• Source locally. Sourcing locally applies to both environmental and social resources. Working with local companies and products ensures the long-term viability of communities to thrive and grow.

Environmental

We hear about this one a lot. Regardless of your political, religious, or environmental viewpoint, I think we can all agree that there is a lot of work we can do to protect our environmental resources. Here are a handful of things that can easily be managed in the wedding and event world:

  • Work with vendors that align with your values. If one of your values is protecting the oceans, work with a vendor that has similar values. Look for a caterer that uses paper straws or a rental company that has reusable packing material for their rental equipment. Know what is important to you and look for the same in your partners.

  • Manage your waste stream. This is a huge one with massive impact. The main idea here is the old adage – reduce, reuse, recycle (and compost). Easier said than done for weddings and events, but with a little focus in a few areas, you can be successful. Main goal, keep everything you can out of the landfill.

    • Use compostable alternatives for all disposable products (cups, plates, favors, etc)

    • Talk to your caterer and venue about how they manage their waste streams. It will really bum you out if you spend time and energy to source compostable barware only to find out that the venue has no means of composting, of if the town you are having your event in has no infrastructure for composting.

    • Ensure you have a plan for your caterer and services teams to sort the waste. Contaminated recycling or compost just goes straight to the landfill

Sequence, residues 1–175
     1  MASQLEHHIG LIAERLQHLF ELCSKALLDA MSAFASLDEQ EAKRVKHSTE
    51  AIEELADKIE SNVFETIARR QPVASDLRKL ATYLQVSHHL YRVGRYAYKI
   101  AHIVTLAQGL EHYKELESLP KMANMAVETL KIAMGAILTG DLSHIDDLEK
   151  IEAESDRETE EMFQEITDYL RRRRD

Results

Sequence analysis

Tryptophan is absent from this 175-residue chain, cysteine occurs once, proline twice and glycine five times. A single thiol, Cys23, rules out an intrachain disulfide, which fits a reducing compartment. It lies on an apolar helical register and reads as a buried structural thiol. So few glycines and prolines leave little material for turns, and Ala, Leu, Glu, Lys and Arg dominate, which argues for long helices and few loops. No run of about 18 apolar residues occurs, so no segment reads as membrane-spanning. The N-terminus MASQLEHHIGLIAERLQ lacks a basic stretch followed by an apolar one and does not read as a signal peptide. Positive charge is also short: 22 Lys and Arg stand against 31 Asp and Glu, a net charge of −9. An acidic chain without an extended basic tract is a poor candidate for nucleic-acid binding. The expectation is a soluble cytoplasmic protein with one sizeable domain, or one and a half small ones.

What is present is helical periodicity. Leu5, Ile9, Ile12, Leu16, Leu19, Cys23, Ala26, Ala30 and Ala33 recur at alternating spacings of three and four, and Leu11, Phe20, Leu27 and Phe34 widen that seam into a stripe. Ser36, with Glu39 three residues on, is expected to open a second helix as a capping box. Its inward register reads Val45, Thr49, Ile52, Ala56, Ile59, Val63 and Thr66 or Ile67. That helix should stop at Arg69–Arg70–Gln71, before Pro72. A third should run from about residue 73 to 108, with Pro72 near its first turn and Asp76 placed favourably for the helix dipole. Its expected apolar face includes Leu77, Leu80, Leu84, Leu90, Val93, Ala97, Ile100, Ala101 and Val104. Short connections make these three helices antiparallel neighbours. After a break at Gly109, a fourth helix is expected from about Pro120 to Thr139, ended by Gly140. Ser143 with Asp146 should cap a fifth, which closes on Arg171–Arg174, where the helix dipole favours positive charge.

• Use compostable or recyclable materials for all of your printing and collateral.

    • Get your guest counts nailed down and don’t over order. Something like 10% – 20% of the food at weddings and events end up in the garbage at the end of the night.

  • Work with vendors that source locally as a priority.

  • Work with rental companies to use washable serviceware instead of using disposable.

  • Restore any damage. I see it often where a group will have an outdoor wedding or event in a beautiful greenspace, but post event, the place looks like a horde of angry zombies tore through it. Ensure there is a plan to leave spaces better than you found them.

  • Avoid the gifts. Little take home gifts are super cute and show you care… for about 3.5 seconds until your guest sets it down and forgets about it, or throws it away when they get home. Show you care in a different way. Give them a little note letting them know that you made a small donation in their name to a local organization at the same value as the cost of a gift. It is meaningful, helpful, and won’t go to waste.

There is so much more we can do to ensure we create sustainable events, but we thought these were some great places to start for those of you feeling a bit overwhelmed of overburdened in thinking about it. The most important thing is to be a good Steward to your environment, your communities, and your finances. Ask yourself questions along the way as to the choices you are making. Set litmus tests to determine if the choices align with your value system and then weigh the options. It is all about making thoughtful, responsible choices.

Here are some great resources for you if you are wanting to dig a little deeper:

Events Industry Council

The Green Wedding Professional

MeetGreen

Hemlock

The Knot

Aaron Shook (CPCE), is General Manager of Ocean5, the unique new, 60,000sqft events and entertainment center in the South Sound, and Table 47, the new farm-fresh, locally and responsibly sourced restaurant and caterer located in Gig Harbor. Aaron is also Co-Owner of Perfect Storm Moments an elite wedding and events planning company in the Seattle area.